So your beautiful veggies are all planted or are just about to be. You’re feeling proud of your initial accomplishment, as you should be — but don’t get too comfortable! Your work isn’t done yet! Before you can sit back and enjoy the fruits (and veggies) of your labor, I have a quick checklist of continued care for your newly planted vegetable garden.
VEGGIE GARDEN CONTINUED CARE:
- Water regularly. Do not allow Your garden to dry out completely. Keep the bed evenly damp daily.
- Water at the base of the plant, preferably in the morning to keep diseases down.
- If you have not already added Garden Lime to your newly planted tomatoes, it is time. A few tablespoons per plant will do.
- Side dress plants/rows with fertilizer regularly throughout the growing season. If using an organic fertilizer such as Garden-Tone, a few tablespoons per plant, every 2 weeks will keep your veggies happy. If using conventional fertilizer such as VanWilgens Slow Release, 1 time per month should do!
- To keep diseases at bay, spray vulnerable plants, such as squash, cucumbers, and tomatoes with an organic fungicide weekly. Start sprays now with Copper or Garden fungicide.
- Keep a bottle of all-natural insecticide on hand, such as End All. This way, you will be ready to stop bad bugs as soon as they appear.
- Put down a 2 to 3-inch layer of Mainely Mulch straw to keep weeds from taking over. Top it off with a sprinkle of Preen Vegetable Garden and weeds have no chance.
- Just as your beautiful tomatoes, strawberries, etc start to ripen, keep an eye out for furry friends who love them just as much as you do. Store a bottle of Go Away all-natural animal repellent in your shed. It can be sprayed right on the fruit to keep critters away.
A gardener’s work is never done but the end results of your continued care are well worth it. From your garden to your table, you will feel pride with every juicy tomato, crunchy cucumber, and sweet pea you pick.
Show your patriotic colors this year with a fun red, white and blue themed garden or planter. This color combination looks stunning in any sized yard, and with so many different plant options, you’re sure to have a unique space that pops! Below are just a few of our favorite plants in this popular color scheme.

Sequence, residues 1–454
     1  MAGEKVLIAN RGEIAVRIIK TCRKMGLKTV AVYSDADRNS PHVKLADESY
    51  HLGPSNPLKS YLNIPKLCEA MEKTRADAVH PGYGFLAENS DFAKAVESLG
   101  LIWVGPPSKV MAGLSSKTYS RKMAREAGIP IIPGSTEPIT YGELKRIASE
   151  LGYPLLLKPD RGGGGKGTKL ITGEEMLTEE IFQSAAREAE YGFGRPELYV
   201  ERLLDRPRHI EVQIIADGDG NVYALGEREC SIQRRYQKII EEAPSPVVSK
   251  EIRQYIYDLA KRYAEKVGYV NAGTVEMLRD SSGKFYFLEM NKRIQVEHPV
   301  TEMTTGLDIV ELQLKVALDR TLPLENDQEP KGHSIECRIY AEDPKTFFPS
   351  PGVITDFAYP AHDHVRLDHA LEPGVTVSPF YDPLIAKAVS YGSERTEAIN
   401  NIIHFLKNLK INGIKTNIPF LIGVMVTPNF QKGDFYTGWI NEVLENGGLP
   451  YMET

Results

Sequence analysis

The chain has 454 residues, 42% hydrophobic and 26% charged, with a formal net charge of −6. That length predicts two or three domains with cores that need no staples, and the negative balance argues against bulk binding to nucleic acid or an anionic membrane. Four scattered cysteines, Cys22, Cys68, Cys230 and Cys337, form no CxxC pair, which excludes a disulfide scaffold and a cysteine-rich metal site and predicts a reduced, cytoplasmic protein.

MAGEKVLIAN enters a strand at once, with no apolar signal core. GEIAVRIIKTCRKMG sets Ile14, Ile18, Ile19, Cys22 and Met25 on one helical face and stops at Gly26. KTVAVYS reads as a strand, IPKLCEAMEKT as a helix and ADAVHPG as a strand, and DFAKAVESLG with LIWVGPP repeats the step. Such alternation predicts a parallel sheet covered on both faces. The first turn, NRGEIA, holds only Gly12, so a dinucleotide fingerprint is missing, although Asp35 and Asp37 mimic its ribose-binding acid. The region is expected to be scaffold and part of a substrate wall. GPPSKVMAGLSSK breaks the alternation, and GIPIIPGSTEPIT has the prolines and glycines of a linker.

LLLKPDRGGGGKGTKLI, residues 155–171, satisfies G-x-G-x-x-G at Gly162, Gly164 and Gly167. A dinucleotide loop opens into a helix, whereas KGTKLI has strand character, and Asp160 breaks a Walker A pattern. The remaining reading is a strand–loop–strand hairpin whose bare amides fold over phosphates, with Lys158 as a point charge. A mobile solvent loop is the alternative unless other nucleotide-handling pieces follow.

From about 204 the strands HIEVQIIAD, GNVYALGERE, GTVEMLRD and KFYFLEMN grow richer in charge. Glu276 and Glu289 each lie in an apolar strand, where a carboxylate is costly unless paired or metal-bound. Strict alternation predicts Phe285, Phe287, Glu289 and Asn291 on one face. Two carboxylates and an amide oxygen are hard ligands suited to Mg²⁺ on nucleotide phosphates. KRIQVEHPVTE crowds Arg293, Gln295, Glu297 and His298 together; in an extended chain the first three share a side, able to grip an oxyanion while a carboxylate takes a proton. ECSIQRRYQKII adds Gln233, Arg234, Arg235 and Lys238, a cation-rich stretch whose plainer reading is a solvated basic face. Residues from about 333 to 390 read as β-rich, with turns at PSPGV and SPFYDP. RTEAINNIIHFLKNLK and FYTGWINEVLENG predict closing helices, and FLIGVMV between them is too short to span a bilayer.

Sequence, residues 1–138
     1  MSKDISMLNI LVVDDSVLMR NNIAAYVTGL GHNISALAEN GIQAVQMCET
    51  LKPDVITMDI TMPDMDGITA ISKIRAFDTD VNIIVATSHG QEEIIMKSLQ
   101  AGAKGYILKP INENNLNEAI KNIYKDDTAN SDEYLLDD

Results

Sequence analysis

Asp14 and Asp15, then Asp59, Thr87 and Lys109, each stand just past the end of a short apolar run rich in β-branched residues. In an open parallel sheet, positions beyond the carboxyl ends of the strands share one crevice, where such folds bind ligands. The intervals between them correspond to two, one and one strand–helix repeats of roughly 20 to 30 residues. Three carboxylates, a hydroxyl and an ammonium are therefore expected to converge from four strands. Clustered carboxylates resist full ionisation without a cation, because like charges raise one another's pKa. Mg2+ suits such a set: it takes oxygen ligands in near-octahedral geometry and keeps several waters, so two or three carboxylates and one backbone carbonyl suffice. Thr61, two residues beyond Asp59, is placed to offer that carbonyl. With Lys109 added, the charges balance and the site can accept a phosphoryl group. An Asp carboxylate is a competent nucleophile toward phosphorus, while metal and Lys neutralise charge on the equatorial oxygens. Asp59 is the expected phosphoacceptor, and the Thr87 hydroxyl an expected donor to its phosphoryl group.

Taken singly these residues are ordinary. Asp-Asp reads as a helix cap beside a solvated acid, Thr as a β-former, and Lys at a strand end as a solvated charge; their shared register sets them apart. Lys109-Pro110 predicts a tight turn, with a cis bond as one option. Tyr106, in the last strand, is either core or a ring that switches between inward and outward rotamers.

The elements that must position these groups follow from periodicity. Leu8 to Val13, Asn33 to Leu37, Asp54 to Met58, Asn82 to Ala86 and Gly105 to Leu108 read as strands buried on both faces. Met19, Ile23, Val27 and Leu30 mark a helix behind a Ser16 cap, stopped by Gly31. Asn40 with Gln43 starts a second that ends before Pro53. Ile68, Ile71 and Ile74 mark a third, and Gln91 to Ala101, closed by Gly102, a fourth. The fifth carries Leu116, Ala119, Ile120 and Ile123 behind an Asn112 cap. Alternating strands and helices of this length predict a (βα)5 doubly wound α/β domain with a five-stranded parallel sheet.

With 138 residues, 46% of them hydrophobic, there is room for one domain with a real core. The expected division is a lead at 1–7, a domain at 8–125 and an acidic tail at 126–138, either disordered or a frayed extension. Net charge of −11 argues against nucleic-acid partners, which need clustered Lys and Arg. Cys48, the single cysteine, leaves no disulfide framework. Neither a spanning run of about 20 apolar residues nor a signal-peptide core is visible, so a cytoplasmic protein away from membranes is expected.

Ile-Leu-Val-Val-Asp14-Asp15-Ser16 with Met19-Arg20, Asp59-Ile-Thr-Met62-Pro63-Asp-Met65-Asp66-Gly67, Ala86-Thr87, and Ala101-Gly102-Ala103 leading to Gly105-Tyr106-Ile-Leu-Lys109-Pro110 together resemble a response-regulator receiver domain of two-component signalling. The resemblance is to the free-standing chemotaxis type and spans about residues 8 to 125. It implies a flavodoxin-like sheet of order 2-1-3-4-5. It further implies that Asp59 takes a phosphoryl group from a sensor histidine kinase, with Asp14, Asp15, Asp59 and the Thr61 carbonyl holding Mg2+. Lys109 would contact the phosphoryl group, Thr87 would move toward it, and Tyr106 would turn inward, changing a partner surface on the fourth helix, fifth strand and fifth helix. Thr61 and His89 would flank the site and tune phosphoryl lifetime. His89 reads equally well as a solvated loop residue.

Red Fox Veronica
James Kelway Tanacetum
Trees & Shrubs
Wilgen’s Ruby Rhododendron
Tuff Stuff Red Hydrangea
Ruby Slippers Hydrangea
Miss Ruby Butterfly Bush
Snow Hill Salvia
Peacock White Phlox
Trees & Shrubs
Hydrangea Little Quickfire
Rhododendron Cunningham White
White Flowering Dogwood
Veronica Venice Blue
Myosotis “Forget me not”
Blue Cross Gentiana
Trees & Shrubs
Buddleia Pugster Blue
Hydrangea Endless Summer
Fothergilla Blue Shadow
Viburnum Blue Muffin
Hydrangea Tiny Tuff Stuff
Blue Mist Shrub
A mild winter like the one we just had meant a great spring for Hydrangeas. Normally when we have a rough winter, the stems would typically die back. What we’re seeing now is that some of the stems from last year are alive all the way down to the tips, as well as some of last year’s buds, which means new growth has a head start. We’re already seeing plants fully leafed out in the landscape here.
If you’re considering one for your own space, it’s important to know how to care for them to keep your plant looking great throughout the growing season.
One of the most popular varieties we get questions about is the hydrangea macrophylla, especially regarding pruning. The most important pruning tip to remember is to resist the temptation to prune all the way to the ground because most varieties of hydrangea bloom on old wood, so if you remove the old-growth, it will affect the flowering for the season.